On the Underground, I’m so wary of being a bad citizen that I often give up my seat to people who aren’t pregnant, aren’t significantly older than me, and in some cases are far better equipped to stand than I am. If there’s one thing I am not, it’s any sort of provocateur. And yet now this: a feud.

And I don’t even know my enemy’s name.

She was on a bike when I accidentally entered her life. I was pushing a buggy and I wandered – rashly, in her view – into her path. There’s little doubt that I was to blame: walking on the road while in charge of a minor is not something encouraged by the Highway Code. In my defence, it was a quiet, suburban street; the cyclist was the only vehicle of any kind; and I was half a street’s length away from physically colliding with her. It was the misjudgment of a sleep-deprived parent rather than an act of malice.

The cyclist, though, was enraged. “THAT’S CLEVER, ISN’T IT?” she yelled. “WALKING IN THE ROAD!”

I was stung by what someone on The Apprentice might refer to as her negative feedback, and walked on with a redoubled sense of the parental inadequacy that is my default state even at the best of times.

A sad little incident, but a one-off, you would think. Only a week later, though, I was walking in a different part of town, this time without the toddler and engrossed in my phone. Again, I accept my culpability in crossing the road without paying due attention; again, I have to point out that it was only a “close shave” in the sense that meteorites are sometimes reported to have “narrowly missed crashing into the Earth” by 50,000 miles. It might have merited, at worst, a reproving ting of the bell. Instead came a familiar voice. “IT’S YOU AGAIN!” she yelled, wrathfully.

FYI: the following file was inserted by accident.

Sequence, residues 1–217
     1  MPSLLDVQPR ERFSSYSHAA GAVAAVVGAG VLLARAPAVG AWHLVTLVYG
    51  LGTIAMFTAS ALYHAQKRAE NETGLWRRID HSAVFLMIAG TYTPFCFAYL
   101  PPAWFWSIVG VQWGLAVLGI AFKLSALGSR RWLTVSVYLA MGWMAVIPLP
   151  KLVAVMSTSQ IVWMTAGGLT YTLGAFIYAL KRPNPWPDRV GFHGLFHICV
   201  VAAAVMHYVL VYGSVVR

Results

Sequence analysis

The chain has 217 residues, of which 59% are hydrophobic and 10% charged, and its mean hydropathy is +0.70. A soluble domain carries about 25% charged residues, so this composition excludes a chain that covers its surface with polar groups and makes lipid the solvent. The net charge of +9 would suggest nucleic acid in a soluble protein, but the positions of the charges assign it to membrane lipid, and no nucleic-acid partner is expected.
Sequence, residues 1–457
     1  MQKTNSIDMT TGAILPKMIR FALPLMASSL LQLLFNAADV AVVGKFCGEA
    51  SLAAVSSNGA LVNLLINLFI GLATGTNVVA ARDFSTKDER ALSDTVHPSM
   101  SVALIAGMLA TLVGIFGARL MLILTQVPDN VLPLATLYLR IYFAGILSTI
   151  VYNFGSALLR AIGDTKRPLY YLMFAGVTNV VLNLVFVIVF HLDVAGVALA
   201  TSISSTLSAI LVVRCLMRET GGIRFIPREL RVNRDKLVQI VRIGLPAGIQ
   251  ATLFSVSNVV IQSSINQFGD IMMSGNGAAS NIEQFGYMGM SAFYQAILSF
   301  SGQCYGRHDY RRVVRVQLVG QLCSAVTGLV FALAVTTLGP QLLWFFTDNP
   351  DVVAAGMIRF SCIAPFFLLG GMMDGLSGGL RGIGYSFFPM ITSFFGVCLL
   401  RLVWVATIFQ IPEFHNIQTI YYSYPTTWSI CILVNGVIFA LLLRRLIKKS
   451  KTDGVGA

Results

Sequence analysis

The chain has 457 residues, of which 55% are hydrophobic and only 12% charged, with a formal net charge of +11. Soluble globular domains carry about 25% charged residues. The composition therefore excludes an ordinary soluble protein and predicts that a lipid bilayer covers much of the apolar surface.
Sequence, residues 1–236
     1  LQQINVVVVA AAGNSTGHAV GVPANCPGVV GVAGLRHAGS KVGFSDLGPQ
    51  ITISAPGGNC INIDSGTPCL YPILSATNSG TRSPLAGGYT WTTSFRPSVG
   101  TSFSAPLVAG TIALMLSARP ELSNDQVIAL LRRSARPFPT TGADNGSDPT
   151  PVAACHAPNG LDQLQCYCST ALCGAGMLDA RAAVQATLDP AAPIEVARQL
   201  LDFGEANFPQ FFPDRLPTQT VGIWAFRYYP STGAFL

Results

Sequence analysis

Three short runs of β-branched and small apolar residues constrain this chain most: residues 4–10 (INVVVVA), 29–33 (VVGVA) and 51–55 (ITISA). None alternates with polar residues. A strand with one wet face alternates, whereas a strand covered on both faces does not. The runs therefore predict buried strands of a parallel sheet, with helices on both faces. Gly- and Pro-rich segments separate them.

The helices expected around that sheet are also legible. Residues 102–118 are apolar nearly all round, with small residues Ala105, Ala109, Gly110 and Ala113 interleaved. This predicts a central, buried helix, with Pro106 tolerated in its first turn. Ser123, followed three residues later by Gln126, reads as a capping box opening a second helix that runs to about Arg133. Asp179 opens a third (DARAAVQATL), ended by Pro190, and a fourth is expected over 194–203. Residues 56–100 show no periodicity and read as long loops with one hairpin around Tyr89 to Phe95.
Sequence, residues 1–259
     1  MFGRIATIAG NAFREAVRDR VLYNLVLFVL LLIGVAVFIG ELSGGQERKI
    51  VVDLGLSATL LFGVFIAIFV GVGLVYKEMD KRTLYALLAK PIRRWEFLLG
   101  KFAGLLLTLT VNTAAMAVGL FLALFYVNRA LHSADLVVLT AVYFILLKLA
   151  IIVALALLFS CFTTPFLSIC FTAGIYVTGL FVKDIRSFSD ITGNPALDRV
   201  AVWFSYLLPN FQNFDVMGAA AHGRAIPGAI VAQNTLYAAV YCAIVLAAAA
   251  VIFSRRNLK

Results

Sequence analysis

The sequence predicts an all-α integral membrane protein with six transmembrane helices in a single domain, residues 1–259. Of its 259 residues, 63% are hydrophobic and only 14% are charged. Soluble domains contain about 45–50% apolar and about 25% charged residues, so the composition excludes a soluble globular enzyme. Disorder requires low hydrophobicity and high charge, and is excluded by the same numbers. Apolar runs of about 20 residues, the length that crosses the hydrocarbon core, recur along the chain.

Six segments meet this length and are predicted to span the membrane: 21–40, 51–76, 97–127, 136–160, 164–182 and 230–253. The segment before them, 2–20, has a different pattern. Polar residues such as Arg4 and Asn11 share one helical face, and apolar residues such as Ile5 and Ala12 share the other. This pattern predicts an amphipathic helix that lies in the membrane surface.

This time the shock brought a retort out of me, probably the harshest thing I have ever shouted at a stranger: “WHY ARE YOU SO UNPLEASANT?”

None of this is X-rated stuff, but it adds up to what I can only call a vendetta – something I never expected to pick up on the way to Waitrose. So I am writing this, as much as anything, in the spirit of rapprochement. I really believe that our third meeting, whenever it comes, can be a much happier affair. People can change. Who knows: maybe I’ll even be walking on the pavement

Mark Watson is a stand-up comedian and novelist. His most recent book, Crap at the Environment, follows his own efforts to halve his carbon footprint over one year.

This article first appeared in the 20 October 2016 issue of the New Statesman, Brothers in blood